Effects of Moisture-Based Grain Boundary Passivation on Cell Performance and Ionic Migration in Organic–Inorganic Halide Perovskite Solar Cells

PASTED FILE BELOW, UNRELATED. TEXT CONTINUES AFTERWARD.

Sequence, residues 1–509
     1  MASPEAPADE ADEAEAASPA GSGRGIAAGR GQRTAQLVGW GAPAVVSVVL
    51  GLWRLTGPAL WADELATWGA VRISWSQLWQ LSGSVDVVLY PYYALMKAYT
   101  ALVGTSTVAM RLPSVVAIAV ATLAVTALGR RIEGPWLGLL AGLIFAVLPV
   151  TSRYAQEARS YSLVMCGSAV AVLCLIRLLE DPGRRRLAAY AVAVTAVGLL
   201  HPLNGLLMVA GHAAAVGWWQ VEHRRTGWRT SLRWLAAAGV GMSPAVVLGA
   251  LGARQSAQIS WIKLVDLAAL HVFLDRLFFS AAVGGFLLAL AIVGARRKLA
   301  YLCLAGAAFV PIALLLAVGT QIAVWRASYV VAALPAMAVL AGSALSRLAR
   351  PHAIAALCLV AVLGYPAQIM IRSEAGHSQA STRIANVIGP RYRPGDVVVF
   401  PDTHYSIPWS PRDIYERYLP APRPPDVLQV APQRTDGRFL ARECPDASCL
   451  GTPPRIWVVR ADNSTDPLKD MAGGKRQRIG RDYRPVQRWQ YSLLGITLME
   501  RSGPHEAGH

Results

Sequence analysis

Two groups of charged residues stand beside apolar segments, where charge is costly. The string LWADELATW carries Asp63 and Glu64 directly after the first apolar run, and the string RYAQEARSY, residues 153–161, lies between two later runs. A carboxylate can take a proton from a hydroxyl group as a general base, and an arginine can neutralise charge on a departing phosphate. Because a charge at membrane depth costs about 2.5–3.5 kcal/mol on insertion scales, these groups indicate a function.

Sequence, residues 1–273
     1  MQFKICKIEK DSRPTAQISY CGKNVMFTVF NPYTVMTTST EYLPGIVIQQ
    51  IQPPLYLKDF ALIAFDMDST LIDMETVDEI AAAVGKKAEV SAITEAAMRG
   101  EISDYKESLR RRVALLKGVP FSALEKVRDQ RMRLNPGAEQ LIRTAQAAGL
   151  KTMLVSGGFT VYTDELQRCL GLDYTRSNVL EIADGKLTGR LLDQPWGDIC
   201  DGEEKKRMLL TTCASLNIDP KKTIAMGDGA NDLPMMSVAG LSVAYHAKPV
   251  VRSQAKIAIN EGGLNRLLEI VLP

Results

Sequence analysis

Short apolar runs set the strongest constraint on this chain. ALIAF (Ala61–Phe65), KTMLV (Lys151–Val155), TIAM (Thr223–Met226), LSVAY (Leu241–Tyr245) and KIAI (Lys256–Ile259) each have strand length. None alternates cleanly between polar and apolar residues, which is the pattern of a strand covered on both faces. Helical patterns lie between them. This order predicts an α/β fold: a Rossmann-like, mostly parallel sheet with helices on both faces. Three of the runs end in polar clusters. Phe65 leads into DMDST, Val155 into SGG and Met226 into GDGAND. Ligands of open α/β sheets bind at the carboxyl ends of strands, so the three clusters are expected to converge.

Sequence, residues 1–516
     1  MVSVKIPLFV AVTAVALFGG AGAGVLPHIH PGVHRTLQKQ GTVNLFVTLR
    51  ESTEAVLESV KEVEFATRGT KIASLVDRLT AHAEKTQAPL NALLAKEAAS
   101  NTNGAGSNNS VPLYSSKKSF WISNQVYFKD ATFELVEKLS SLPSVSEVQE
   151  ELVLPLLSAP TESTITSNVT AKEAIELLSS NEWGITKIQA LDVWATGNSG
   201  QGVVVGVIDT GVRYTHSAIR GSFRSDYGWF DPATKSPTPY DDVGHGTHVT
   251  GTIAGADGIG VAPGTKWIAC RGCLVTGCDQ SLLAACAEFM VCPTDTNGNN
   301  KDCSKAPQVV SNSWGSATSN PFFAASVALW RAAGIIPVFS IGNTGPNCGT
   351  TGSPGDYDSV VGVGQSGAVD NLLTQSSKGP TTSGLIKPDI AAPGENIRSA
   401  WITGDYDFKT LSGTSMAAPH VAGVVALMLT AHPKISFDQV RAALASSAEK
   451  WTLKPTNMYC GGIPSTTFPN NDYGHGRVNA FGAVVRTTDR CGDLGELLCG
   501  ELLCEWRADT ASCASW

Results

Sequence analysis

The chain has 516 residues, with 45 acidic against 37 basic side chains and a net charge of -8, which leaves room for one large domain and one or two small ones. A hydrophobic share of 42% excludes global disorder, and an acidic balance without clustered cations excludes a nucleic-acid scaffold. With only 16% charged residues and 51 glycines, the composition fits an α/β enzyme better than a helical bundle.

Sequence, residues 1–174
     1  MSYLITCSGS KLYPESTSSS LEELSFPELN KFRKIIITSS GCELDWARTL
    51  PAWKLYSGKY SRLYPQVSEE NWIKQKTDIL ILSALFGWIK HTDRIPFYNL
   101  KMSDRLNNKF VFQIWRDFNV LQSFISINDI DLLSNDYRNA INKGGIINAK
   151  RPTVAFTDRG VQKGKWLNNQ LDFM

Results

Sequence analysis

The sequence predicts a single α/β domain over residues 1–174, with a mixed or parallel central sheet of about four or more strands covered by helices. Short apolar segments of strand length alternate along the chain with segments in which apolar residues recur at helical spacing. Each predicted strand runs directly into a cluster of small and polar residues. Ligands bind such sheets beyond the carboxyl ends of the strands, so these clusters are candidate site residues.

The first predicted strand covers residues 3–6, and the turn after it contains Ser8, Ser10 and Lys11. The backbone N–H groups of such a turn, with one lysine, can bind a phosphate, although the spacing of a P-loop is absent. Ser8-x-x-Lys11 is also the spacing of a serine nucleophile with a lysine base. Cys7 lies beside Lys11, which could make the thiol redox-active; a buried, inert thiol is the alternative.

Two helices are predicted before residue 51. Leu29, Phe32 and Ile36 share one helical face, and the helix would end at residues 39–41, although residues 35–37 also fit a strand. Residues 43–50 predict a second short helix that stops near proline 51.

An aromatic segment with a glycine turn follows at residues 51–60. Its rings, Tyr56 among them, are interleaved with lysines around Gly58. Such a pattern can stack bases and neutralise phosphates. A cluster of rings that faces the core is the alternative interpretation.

Because of the polycrystalline nature, grain boundaries (GBs) in hybrid perovskite thin films play critical roles in determining the charge collection efficiency of perovskite solar cells (PSCs), material stability, and in particular the ion migration, considering their relatively soft ionic bonds with low formation energy. Different GB passivation methods are being studied, and introducing PbI2-rich phase at GBs in methylammonium lead iodide (MAPbI3) has been found to be useful. In this study, combining macroscale measurements with tip-based microscopic probing that includes scanning Kelvin probe microscopy for surface potential mapping and conductive atomic force microscopy for charge transport mapping, we revealed the effects of PbI2-rich phase at GBs, which was introduced in moisture-assisted synthesis of MAPbI3 thin films. It was found that PbI2 passivation of GBs could change the surface potential and charge carrier screening and significantly retard current conduction at the GB while enhancing conduction through the grain interior. Inhibition of ion migration at GBs, as well as enhanced PSC device performance, is reported.